India threatens colonial 'reckoning' for Britain
India threatens colonial ‘reckoning’ for Britain as it prepares to ask for the return of legendary treasures including priceless Koh-i-Noor diamond used in Crown Jewels
- The reclamation of historical artefacts is a primary of goal of Prime Minister Narendra Modi’s administration
India will ask Britain to return legendary treasures that were taken from the country during the colonial era.
The primary objective of officials in New Delhi is to secure the return of the Koh-i-Noor diamond – one of the crown jewels currently held in trust for the king – alongside thousands of other artefacts taken to Britain hundreds of years ago by imperial explorers.
India’s foreign diplomats will be undertaking the mission – which they call a ‘reckoning’ with the past – understood to be the largest repatriation claim faced by the UK, according to The Telegraph.
The reclamation of historical artefacts is a primary of goal of Prime Minister Narendra Modi’s administration.
The issue is likely to disrupt diplomatic talks between the UK and India on matters such as trade.
Executive Director of Jewels de Paragon (JDP) Pavana Kishore shows the ‘Koh-I-Noor’ diamond on display with other famous diamonds at an exhibition intitled ‘100 World Famous Diamonds’ in Bangalore 19 May 2002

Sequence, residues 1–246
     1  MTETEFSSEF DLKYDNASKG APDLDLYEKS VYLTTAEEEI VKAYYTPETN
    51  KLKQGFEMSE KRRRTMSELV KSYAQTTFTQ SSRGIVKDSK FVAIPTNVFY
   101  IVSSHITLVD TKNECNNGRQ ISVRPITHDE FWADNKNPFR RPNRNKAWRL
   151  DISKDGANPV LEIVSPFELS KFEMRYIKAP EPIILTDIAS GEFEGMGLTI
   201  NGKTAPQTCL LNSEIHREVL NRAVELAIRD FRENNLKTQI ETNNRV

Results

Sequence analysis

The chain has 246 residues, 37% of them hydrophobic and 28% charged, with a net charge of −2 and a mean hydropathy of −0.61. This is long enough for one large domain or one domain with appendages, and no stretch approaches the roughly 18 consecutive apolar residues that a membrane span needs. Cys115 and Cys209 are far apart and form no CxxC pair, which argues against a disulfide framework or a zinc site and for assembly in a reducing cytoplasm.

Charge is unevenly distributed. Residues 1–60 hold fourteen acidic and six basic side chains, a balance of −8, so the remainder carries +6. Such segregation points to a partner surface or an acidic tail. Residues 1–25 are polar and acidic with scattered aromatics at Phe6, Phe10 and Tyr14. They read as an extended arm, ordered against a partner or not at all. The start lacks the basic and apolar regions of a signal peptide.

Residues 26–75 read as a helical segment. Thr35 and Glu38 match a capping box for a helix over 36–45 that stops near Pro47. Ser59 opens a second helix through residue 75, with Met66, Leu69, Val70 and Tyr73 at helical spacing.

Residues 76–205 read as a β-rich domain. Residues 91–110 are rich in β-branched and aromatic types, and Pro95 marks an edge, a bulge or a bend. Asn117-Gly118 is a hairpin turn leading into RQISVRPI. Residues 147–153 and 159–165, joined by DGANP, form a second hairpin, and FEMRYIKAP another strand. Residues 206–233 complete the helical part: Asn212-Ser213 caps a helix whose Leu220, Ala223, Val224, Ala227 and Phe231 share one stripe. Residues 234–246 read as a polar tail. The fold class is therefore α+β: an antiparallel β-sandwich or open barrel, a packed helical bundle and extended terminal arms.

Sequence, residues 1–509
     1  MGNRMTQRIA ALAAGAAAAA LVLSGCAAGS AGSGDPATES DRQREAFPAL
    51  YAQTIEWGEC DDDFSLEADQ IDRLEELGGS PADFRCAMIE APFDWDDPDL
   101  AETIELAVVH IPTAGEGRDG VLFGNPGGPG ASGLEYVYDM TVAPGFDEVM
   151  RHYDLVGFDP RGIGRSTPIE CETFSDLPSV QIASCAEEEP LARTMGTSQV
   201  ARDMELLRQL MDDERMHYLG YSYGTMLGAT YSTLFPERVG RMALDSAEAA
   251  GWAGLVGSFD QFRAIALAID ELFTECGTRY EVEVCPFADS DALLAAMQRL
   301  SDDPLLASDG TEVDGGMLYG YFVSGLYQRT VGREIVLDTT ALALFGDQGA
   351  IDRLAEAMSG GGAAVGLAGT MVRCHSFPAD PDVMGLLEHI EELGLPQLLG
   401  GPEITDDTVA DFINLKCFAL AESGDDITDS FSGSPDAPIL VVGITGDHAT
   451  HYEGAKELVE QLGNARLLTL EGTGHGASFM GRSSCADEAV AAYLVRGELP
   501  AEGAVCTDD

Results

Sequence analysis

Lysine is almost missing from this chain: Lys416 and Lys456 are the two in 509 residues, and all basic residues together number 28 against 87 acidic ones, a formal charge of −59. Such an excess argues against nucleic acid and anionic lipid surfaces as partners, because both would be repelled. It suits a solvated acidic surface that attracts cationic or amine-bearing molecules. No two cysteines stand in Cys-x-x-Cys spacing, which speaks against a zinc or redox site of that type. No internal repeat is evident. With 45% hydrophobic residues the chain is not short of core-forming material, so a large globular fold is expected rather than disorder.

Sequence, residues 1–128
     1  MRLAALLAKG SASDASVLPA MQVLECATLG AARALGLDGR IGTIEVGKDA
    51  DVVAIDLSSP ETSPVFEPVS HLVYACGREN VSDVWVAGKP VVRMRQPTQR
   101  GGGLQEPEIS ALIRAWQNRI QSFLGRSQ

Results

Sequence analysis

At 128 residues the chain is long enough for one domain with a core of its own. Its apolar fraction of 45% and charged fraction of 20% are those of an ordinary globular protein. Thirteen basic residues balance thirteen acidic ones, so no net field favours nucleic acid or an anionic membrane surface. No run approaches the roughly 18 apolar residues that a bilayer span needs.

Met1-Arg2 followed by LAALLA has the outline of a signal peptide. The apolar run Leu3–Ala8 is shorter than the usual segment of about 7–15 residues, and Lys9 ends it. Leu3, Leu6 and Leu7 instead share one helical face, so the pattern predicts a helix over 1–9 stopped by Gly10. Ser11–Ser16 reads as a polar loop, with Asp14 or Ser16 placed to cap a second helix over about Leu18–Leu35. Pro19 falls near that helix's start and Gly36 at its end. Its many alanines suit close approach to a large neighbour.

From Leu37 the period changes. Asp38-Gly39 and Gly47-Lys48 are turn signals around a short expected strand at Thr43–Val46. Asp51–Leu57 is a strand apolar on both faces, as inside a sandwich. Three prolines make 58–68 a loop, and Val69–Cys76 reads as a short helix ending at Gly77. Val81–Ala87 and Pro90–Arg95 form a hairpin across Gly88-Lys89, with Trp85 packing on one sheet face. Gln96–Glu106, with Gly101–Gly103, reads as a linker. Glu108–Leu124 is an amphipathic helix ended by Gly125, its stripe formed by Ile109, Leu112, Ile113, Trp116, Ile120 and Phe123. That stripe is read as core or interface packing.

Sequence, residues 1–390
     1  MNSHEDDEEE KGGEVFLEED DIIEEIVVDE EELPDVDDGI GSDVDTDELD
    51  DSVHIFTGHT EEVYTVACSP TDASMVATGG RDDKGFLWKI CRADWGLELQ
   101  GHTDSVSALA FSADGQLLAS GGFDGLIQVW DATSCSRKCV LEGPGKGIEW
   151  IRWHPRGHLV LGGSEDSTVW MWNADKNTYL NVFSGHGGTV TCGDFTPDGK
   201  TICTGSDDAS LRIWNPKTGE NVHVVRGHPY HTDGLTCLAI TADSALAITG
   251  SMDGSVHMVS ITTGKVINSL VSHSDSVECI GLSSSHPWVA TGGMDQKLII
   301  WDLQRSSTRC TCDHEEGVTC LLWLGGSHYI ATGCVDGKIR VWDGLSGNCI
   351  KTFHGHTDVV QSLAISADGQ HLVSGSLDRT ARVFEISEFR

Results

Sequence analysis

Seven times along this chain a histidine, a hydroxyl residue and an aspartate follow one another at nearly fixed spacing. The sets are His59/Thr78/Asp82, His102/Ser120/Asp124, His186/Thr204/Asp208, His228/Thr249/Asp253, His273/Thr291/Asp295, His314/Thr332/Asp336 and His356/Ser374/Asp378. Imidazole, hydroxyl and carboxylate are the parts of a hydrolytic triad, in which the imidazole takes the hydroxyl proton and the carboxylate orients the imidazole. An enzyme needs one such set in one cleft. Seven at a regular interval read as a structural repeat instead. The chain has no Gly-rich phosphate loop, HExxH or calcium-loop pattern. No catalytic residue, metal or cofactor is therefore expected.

An eleventh century Hindu statue of Shiva as Nataraja (Lord of Dance) is pictured at the Royal Academy of Arts in central London, 07 November 2006. Bronze sculptures, revered as physical manifestations of the Hindu gods, are currently on display at the Royal Academy of Arts
Buddha’s Footprints (Buddhapada), c. 2nd/3rd century. Artist Unknown
Secretary for the Indian ministry of culture, Govind Mohan, said that retrieving artefacts would play a key part of India’s foreign policy.
He said: ‘It is of huge importance to the government. The thrust of this effort to repatriate India’s artefacts comes from the personal commitment of prime minister Narendra Modi, who has made it a major priority.’
A branch of the ministry of culture, the Archaeological Survey of India, will be leading efforts to reclaim objects trafficked from the country since its independence.
Oxford’s Ashmolean Museum has already been approached regarding a bronze idol taken from a temple in southern India.
But it is officials in New Delhi who will be coordinating the push for the return of artefacts taken during the British rule.
A gem-encrusted gold finial from the octagonal golden throne of Tipu Sultan, the Tiger of Mysore, at Bonhams in London where it will be going under the hammer on October 7 as part of the Indian and Islamic Art Sale
Indian journalist N.S. Shergill views a throne from about 1820 of Ranjit Singh’s court, decorated with richly worked sheets of gold, at the exhibition entitled ‘Maharaja: The Splendour of India’s Royal Courts’ at the Victoria and Albert Museum, in central London, Wednesday Oct. 7, 2009
Lord Harihara idol at the British museum, London
The process by diplomats in London to make formal requests to institutions to return ‘spoils of war’ during colonial rule will begin this year.
The Koh-i-Noor 105-carat diamond once sat atop the Mughal emperors’ Peacock Throne. It was held by Indian rulers before being handed over to the East India Company and was then given to Queen Victoria following the annexation of the Punjab.
The jewel has adorned Queen Mary’s Crown but was not displayed at the Coronation last week.
The return of the historically significant artefact would be ‘deeply symbolic’, according to ministerial circles in New Delhi.
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